By “this level of significance”, Fisher  meant that the probability (known as p) that pure random noise in the data would yield your result is 0.05 or less (or p ≤ 0.05 : e.g. five or less chances in a hundred). If such a number can be calculated then, according to Fisher, a p≤0.05  enables you to call your result statistically significant and thus “a scientific fact”.  If p=0.05 is considered significant, what then of p=0.06?  If this number is also significant, what of 0.07? And so on. What is the logic of imposing any arbitrary cut-off in a continuum of potential results? This is not science, but simply a way of putting an illusion of quantitative rigor onto woolly qualitative results.

Despite Fisher’s eminence and authority, I doubt many scientists today would consider statistical significance, however narrowly defined, as defining scientific fact. In spite of this, researchers in soft sciences like psychology, social science, political science or economics, or even in fields of genuine hard science such as medical research, have to make sure they meet Fisher’s arbitrary “wee pee” criterion if they want their work to be published (and the results which fail to make the cut left languishing in a drawer).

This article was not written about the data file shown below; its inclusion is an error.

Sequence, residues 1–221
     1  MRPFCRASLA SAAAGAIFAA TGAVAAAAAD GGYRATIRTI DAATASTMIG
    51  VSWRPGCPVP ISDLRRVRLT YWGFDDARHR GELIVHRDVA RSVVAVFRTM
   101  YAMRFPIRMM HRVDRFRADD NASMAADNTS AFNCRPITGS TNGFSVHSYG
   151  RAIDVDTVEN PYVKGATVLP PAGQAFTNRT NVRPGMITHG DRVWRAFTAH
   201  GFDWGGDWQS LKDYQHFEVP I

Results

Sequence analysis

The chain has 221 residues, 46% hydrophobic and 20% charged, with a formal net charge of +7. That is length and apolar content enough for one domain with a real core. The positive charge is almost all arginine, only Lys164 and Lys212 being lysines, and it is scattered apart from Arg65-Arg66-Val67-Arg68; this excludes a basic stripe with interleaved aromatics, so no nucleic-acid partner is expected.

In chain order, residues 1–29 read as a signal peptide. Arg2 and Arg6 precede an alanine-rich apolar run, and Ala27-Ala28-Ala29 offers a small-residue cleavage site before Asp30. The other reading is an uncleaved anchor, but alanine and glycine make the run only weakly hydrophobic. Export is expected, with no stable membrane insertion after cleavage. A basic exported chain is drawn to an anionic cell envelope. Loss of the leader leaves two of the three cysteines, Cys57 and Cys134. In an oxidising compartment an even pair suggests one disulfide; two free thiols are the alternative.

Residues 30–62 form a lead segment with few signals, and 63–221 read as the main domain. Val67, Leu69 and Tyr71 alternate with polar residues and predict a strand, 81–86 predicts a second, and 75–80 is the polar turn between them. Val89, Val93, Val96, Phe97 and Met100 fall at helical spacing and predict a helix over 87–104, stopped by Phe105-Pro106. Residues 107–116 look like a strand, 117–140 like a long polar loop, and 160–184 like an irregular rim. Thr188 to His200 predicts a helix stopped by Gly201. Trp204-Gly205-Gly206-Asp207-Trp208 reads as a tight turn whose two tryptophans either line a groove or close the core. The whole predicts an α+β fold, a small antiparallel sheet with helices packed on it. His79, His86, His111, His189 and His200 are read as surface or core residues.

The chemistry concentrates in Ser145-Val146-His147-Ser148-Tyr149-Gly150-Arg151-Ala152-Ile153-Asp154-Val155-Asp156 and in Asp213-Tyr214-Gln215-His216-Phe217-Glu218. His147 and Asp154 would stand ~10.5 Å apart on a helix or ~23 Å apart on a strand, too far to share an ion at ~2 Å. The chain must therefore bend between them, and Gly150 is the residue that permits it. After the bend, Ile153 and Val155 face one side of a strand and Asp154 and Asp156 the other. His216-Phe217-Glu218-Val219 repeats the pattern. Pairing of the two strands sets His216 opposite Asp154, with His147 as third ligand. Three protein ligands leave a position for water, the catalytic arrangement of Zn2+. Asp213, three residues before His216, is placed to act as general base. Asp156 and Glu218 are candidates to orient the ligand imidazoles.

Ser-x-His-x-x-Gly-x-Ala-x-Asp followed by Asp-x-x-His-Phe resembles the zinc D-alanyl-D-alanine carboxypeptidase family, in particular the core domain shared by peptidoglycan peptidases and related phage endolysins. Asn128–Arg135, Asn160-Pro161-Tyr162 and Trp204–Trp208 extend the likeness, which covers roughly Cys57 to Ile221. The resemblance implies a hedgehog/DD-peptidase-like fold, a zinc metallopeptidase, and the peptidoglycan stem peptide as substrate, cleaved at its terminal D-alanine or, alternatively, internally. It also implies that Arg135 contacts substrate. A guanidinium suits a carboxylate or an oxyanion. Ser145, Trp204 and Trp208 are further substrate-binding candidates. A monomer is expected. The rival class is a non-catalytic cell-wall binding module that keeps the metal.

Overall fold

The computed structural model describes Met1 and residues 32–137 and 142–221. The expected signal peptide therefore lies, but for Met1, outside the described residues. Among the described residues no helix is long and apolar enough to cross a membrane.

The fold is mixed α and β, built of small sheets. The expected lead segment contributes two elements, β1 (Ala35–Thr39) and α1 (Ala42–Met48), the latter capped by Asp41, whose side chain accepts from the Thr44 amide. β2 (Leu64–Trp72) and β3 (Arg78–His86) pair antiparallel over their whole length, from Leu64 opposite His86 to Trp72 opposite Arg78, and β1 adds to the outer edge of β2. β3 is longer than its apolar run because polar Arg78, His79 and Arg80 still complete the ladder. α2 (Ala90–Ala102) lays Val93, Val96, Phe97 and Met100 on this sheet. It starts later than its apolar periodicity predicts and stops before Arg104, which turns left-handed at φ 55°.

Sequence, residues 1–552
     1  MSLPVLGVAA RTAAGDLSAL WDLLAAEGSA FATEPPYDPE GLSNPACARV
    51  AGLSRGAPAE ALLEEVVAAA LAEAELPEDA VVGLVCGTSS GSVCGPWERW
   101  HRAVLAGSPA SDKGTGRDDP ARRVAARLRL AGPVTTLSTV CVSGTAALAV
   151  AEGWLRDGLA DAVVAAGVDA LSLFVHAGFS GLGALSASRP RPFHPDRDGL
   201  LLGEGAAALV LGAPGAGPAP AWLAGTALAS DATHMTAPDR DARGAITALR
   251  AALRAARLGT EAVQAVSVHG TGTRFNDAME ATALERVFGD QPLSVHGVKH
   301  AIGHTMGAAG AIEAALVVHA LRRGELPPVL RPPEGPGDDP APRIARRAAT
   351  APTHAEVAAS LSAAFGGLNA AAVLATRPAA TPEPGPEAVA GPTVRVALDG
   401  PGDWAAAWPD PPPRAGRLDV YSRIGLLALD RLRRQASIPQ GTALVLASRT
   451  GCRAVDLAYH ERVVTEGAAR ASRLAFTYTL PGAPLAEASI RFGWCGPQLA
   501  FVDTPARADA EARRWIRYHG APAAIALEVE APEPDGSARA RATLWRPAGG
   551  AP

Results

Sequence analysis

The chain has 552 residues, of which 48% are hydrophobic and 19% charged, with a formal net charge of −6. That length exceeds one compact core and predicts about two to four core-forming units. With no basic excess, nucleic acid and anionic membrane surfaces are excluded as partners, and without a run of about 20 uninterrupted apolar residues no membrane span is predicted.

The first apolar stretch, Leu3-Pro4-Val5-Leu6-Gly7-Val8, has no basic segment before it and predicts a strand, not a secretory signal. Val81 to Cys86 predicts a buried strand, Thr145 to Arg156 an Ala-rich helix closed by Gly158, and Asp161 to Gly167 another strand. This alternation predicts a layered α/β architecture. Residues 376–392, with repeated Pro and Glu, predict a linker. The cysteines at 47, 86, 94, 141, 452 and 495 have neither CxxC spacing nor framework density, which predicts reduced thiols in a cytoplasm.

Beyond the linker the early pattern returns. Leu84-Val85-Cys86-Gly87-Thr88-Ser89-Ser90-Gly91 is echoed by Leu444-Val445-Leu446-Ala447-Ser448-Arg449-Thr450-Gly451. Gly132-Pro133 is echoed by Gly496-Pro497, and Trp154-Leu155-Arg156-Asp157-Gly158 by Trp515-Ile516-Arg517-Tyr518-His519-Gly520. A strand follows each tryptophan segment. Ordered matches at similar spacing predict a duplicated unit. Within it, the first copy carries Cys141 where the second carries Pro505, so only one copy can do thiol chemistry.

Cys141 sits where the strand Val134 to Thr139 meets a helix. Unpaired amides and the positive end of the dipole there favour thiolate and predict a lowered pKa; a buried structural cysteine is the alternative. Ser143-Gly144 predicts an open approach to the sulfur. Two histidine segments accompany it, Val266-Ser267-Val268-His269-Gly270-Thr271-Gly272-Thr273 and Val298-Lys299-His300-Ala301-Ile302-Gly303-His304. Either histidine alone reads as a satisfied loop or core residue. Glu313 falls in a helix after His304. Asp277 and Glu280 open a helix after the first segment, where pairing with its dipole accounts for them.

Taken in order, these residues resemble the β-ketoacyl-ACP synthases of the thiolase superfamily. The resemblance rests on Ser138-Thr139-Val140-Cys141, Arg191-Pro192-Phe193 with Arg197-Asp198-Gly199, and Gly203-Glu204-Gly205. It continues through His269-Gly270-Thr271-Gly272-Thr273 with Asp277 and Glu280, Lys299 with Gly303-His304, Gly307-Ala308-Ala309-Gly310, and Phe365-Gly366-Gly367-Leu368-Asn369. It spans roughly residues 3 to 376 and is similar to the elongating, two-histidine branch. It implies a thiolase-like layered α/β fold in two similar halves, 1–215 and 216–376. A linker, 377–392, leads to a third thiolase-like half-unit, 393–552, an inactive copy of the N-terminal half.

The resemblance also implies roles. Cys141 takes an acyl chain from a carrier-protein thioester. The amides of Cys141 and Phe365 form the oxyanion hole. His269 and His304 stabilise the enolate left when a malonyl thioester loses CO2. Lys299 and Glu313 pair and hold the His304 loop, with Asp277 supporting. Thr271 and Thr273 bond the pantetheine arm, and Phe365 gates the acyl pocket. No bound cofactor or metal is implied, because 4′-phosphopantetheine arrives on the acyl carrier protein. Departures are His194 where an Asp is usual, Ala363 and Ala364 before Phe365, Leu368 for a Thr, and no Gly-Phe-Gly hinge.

A geologist would doubtless consider a 95% or better chance that he or she is on right track to be the basis for a pretty good working hypothesis, but they would hardly bet their lives on it.

Thought experiment: if you had a (hypothetical) revolver with 100 chambers, five of which were randomly loaded with live bullets and the remainder with blanks, would you spin the barrel, put the muzzle in your mouth and then pull the trigger in order to explore the “true” meaning of statistical significance?

None of the above is to dispute that an observation (evidence) can be so well established by universal experience that for all practical or everyday purposes can be called a ‘fact” that few rational people would dispute without being dismissed as a boring pedant or a nut case (maybe you already fit me with one of these hats?). That the sun rises in the east or that the earth is round are all, by this definition, statements of fact[4]. But, to return after a long diversion to the main subject of this essay, when a geologist produces a large-scale outcrop map and calls it “fact” or “ground truth” I do not think we have to accept that his or her lines on a piece of paper can be described with the same level of certainty.